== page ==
7. In Planning there should not be one rule for one and one for another. We all have to go through the sometimes tortuous process of obtaining Planning Permission and I have no doubt that Mr Fidler new he would get a tough ride if he did a proper job and got proper Planning Permission to say nothing of Building regs. I would guess Planning for a design like this would be unlikely. What happens if you ever wanted to put it on the market. Difficulties and problems alround and either we have some rules or we go back to pre 1947 and a free for all.

    Posted by Janet Duncton | 09/12/2010, 10:58 am
  8. My Friend here says he thinks mr Fiddler is above the law,its not on and he should be jailed for the crime hes committed. but my partner on the other hand thinks fare play to him and i am stuck in the middle with one bloody headache……….

    Posted by Rosie Reynolds | 19/04/2011, 4:08 pm
  9. Just watched homes from hell and came across this idiot and his folly. Bottom line, our society depends on the rule of law and co-operation by the citizens to those rules. You don’t get to pick and chose which ones you think are in your interest to follow. He tried to circumvent planning laws by being dishonest and devious. If we want to keep this England a green and pleasant land we have to abide by the planning rules. He should be made to rip it down and pay the relevant legal costs of both his defence and that of the council otherwise he’s made a mockery of our laws and everyone else who follows them.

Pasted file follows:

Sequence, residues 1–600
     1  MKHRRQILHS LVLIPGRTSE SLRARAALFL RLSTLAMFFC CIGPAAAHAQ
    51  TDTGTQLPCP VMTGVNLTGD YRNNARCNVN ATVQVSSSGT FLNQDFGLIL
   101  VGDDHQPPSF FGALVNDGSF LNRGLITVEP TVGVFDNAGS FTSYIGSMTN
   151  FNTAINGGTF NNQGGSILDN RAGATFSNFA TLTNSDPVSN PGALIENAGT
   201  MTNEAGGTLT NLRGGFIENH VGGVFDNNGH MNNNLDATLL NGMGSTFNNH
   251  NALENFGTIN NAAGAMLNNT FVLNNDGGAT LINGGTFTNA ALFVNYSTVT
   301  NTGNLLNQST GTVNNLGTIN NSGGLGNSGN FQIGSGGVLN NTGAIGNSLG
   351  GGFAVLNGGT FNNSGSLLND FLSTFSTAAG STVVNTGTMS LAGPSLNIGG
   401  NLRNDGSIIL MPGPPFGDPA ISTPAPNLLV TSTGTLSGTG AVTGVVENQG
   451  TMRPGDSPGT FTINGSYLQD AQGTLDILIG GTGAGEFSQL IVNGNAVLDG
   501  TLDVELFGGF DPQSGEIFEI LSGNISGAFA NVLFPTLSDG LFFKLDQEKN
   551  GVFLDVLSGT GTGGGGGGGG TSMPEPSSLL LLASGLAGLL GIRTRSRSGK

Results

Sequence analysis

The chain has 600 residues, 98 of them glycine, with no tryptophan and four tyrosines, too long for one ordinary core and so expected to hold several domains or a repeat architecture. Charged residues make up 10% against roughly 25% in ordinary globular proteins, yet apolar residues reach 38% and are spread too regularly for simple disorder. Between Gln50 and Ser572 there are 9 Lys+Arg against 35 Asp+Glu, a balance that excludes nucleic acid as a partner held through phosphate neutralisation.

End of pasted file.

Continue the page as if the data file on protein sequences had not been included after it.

Posted by Bialzibozo | 19/04/2011, 4:15 pm
  10. Fidler comes across as a likeable rogue, pushing the boundaries of our laws and not afraid of a risk or adventure, however what must not happen is a precedent for this type of building on green belt land.

    Gary Corbett

    Posted by Gary Corbett | 19/04/2011, 4:24 pm
  11. Top man and fair play, if the hole in the law is there, step on through.
    Beautiuful house.
    If the rates person couldn’t be bothered to look in to a pile of straw, why should he be bothered to demolish it. Who is harmed, matbe now the council will review its laws.

    Posted by Paul Simon | 19/04/2011, 4:29 pm